of National Intelligence, introducing a comprehensive immigration bill in the
first year of his 2nd term, ending tax deductions for companies that
offshore and—pick your favorite ‘other.’
So, what are we to make of Change We can Believe In? That it was a con-game to assure a 2nd
term? That the constituency that elected him had somehow let him down? That he was unable to get his
agenda past Republican blockage? Rather, it seems he was way over his head in
the matter of political experience and used the nation’s governance as a
training ground. But we stayed with him through a re-election campaign, which
is more than he did for those of us who doggedly got him there.
FDR
fought (and largely won against) a Republican Party that despised him through five
successful election cycles. His legacy continues today, responsible (at the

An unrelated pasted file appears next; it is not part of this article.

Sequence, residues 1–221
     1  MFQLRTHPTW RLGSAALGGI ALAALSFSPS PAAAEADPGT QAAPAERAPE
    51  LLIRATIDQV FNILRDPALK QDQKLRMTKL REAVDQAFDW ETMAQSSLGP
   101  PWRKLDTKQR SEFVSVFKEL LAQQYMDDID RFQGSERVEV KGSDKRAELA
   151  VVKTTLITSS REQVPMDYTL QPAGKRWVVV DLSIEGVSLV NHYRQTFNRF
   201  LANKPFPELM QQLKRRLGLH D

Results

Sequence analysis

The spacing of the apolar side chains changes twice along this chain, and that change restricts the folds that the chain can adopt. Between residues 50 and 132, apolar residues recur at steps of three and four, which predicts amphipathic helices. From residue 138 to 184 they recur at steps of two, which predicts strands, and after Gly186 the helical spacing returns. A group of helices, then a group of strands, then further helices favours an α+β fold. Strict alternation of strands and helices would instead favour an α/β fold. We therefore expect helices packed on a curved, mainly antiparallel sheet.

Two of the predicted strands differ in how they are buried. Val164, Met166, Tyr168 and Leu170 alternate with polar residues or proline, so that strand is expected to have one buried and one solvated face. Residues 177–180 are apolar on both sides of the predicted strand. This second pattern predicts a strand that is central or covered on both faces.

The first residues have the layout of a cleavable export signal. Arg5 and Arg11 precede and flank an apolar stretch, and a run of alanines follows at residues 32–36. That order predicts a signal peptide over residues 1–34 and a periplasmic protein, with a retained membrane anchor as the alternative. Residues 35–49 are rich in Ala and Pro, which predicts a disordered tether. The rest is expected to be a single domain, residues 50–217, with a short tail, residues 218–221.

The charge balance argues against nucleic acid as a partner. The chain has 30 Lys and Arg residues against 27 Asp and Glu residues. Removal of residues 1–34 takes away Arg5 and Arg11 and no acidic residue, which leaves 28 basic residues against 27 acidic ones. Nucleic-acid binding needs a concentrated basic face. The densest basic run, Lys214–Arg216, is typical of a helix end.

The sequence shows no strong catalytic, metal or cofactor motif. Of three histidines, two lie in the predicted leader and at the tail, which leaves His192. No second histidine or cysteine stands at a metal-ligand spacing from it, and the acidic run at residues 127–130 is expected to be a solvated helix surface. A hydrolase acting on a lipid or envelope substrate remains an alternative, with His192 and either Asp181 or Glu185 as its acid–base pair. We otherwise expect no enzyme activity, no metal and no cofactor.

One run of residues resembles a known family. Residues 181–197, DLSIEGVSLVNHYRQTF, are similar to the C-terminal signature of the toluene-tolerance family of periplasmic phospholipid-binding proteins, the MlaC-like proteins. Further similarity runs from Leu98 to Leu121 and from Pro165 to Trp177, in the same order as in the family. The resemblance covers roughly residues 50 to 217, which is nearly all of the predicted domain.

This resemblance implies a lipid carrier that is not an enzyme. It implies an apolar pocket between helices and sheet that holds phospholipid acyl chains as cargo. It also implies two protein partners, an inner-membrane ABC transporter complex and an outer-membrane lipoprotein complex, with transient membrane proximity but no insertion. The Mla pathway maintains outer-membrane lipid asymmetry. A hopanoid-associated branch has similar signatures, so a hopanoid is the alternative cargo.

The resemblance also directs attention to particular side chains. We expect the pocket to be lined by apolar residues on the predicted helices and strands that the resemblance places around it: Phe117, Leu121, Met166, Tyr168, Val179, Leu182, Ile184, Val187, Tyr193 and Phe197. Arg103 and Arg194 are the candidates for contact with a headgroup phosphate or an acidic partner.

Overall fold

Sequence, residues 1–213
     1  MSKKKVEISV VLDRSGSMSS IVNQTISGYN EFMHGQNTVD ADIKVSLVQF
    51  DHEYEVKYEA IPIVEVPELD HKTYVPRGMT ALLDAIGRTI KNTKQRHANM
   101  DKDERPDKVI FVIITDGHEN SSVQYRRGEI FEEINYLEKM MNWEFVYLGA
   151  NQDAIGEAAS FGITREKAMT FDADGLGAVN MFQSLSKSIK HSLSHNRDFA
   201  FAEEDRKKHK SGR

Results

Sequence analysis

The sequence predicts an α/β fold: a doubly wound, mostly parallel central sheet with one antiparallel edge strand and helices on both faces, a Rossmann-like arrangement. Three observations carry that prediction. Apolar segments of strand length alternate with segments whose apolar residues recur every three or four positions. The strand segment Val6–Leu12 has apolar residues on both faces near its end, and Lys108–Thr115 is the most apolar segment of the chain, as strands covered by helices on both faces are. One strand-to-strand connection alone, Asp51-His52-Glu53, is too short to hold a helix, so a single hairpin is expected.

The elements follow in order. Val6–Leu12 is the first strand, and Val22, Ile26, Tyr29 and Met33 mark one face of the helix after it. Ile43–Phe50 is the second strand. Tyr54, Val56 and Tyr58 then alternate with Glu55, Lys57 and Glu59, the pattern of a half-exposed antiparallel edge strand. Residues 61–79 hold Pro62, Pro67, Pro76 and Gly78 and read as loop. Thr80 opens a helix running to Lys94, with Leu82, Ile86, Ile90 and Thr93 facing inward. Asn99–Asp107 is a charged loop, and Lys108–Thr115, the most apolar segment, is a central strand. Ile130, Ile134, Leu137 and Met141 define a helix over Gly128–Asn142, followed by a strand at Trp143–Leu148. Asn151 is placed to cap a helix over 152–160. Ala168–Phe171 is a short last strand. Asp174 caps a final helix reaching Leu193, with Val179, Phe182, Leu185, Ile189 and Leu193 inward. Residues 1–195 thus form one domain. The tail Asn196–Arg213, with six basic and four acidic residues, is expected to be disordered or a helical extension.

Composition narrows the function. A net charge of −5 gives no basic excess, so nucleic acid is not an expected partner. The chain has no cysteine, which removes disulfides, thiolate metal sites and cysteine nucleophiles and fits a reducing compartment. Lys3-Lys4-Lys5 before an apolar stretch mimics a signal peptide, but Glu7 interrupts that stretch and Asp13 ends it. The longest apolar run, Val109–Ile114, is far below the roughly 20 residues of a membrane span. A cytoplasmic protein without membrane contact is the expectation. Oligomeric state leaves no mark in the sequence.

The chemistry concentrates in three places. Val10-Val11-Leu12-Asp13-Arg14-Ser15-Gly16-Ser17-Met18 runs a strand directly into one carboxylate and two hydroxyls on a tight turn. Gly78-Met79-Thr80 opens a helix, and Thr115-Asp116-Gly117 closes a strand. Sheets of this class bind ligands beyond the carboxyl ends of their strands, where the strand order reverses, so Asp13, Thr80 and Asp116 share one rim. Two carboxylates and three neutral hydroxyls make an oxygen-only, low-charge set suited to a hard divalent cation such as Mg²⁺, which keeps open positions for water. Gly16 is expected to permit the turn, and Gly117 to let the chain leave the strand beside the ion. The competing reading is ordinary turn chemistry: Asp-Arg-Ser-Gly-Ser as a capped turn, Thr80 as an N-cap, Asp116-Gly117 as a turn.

author’s own admission) for the very survival of Dick Cheney’s family. Now
there’s an irony for you.
It would be one thing if the national thirst for honesty and
support were simply not there, but the amazing success of plain-spoken
candidates who support civil society, like Elizabeth Warren and Bill de Blasio,
are riding electoral groundswells on issues that affect American society. Will
they too be defeated by their darker sides, or lust for re-election? It seems
not, but these are early days. It seemed not with Barack Obama as well and this
season’s vigilantes are just swinging into their saddles.
And
there we come down to it, a president’s, or other elected official’s legacy to
the citizens he represents. Barack Obama is a young man, among our youngest
elected presidents. He will have 40 or 50 years to reflect upon what he
promised as a candidate against what he delivered as president. History will
reflect upon those disparities as well, including those of us who unswervingly
supported him.
I suspect history will not be all that kind and he may face
decades of personal regret for the President he might have been.

[1]
Matt Taibbi, Obama’s Big Sellout, Rolling Stone, December 13, 2009